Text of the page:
Twentieth Century Birth Control
Effective birth control methods have been quickly introduced and repeatedly improved since the 1960s. While condoms and the birth control pill are very popular, there are other forms of contraceptives used by many women. However, none of these offer any protection against sexually transmitted infections(STIs). It is important to use a condom with these contraceptives, as it is the only effective form of protection against STIs. Also, neither the birth control pill or condoms alone offer 100% protection against pregnancy so it is always a good idea to use an additional form of birth control with these methods. It's also important to take note that some hormonal birth controls can come with negative side effects.
Many people like to use spermicides to increase their protection against pregnancy. Spermicide can be bought as a cream, jelly, film or suppository. To use spermicide, a woman inserts it directly into her vagina just before sex. Since it will dissolve in the vagina, it’s important not to insert it too long before sex. Spermicide works by immobilizing sperm so that it can’t continue on and meet the egg. On its own, it is only 71% to 85% effective. Using it with a condom or other types of birth control will improve its effectiveness.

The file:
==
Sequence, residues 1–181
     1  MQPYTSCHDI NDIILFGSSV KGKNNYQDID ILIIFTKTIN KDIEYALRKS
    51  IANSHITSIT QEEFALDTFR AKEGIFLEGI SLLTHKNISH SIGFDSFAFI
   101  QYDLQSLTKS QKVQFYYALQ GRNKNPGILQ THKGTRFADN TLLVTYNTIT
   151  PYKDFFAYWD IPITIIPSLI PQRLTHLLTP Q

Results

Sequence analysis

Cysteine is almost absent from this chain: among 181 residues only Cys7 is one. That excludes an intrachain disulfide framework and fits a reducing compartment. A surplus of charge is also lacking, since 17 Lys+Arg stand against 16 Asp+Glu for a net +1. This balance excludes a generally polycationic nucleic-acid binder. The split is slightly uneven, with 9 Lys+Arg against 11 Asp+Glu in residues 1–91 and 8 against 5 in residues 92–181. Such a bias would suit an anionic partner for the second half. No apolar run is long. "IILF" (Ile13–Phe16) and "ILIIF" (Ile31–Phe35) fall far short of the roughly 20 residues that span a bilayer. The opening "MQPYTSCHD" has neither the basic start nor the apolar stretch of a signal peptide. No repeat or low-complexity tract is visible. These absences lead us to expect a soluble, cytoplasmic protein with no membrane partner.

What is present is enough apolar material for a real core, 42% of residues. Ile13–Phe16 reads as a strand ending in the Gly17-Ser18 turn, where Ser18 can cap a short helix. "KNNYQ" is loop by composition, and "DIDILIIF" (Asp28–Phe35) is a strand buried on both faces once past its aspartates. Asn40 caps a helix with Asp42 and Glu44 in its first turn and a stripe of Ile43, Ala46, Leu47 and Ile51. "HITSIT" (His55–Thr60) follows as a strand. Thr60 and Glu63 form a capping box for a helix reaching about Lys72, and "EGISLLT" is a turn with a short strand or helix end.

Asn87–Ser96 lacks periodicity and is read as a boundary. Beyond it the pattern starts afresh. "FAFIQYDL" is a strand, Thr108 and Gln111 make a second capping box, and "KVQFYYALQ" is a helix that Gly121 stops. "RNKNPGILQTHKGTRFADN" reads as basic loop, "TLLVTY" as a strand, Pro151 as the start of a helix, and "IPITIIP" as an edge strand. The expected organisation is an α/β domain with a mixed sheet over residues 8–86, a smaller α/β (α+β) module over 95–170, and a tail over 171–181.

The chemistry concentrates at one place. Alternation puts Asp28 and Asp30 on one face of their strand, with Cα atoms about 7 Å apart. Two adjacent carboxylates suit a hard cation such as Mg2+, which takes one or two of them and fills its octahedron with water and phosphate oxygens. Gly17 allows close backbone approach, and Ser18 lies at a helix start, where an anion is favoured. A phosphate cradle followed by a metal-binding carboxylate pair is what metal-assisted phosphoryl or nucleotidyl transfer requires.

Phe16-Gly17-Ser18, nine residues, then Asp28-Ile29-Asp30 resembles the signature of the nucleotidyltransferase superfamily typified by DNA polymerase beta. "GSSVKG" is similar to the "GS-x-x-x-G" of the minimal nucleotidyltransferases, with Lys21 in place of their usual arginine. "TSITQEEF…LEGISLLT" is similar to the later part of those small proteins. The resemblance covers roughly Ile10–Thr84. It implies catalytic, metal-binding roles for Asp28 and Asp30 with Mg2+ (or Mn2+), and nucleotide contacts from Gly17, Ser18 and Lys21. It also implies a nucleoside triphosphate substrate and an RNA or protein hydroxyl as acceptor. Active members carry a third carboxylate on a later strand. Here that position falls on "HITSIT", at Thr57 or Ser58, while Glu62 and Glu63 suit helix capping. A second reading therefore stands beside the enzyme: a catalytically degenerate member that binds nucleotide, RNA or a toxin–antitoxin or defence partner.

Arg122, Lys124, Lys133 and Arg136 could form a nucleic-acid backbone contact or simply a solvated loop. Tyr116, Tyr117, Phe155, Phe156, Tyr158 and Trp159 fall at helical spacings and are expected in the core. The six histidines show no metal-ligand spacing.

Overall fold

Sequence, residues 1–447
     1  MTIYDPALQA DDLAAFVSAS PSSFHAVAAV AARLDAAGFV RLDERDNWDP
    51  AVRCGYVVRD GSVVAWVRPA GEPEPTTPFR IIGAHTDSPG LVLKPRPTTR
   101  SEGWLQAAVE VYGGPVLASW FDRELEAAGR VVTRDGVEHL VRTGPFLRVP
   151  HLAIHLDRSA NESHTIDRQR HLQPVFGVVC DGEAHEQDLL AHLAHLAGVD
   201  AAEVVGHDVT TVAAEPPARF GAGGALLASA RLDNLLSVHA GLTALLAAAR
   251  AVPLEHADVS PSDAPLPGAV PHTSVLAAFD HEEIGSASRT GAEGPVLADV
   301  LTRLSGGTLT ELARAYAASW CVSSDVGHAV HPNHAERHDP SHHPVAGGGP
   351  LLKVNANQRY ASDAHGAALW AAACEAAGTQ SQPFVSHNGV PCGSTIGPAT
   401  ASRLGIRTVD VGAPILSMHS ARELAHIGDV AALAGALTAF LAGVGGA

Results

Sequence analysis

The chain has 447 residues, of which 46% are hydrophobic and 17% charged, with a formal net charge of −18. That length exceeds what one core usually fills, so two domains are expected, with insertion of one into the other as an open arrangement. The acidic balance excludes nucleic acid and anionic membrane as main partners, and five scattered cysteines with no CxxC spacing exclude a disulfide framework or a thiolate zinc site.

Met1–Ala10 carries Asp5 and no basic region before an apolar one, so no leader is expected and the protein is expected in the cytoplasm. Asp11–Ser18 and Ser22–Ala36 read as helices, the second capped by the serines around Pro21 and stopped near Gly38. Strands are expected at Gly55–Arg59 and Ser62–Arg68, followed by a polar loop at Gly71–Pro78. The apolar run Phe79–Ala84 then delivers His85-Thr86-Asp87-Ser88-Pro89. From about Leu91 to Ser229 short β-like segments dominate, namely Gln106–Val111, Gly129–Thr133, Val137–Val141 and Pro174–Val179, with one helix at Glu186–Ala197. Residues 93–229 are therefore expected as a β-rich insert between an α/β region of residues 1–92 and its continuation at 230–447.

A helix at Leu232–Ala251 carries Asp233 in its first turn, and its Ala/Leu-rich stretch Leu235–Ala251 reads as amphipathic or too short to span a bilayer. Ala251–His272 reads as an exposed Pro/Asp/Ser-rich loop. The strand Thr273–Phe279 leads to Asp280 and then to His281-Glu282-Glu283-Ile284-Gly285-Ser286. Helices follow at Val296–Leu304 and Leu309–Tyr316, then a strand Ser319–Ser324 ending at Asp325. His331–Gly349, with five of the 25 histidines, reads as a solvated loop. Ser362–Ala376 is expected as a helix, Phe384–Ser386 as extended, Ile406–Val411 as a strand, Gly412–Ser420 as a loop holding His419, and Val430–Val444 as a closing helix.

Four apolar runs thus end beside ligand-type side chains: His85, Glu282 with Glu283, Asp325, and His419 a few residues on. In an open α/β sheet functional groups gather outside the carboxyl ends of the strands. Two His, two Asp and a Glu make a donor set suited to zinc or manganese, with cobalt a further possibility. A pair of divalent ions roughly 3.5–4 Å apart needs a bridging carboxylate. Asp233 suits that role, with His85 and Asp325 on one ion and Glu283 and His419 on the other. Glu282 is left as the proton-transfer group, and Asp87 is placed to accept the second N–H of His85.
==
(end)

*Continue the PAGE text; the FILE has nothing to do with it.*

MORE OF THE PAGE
Spermicide is widely available and is usually sold alongside condoms. They can range in price, depending on what brand and type you buy. For example, contraceptive foam costs about $13 while spermicidal film costs about $11.
The contraceptive sponge has become such a popular choice with women that Seinfeld even centered an episode around the Today Sponge, coining the phrase "sponge-worthy." The sponge is a disposable barrier device, usually made of polyurethane foam and infused with spermicide, which is inserted into the vagina. It prevents pregnancy first by blocking sperm from entering the uterus and then by absorbing and immobilizing sperm. Many women love the fact that it can be inserted prior to having sex and can be left in place anywhere from 12 to 24 hours. Like condoms, the sponge is quite affordable and prices range depending on which brand you buy. They can be found online and in most drugstores and are 82% to 91% effective in preventing pregnancy.
Since it is not a hormonal form of contraception, there are few side effects. However, the sponge can shred or tear and some women have increased yeast infections when using the sponge.
Diaphragm and Cervical Cap
These two contraceptive methods work in similar ways although they are slightly different by design. A diaphragm is a shallow cup shaped like a dome that has a flexible rim. It fits in the vagina and covers the opening to the cervix. A cervical cap looks more like a thimble and is fitted to sit tightly on the cervix. Both need to be used with spermicidal cream or jelly. Neither can be used when you have your period. A diaphragm is effective 84% to 94% of the time while a cervical cap is effective 84% to 91% of the time.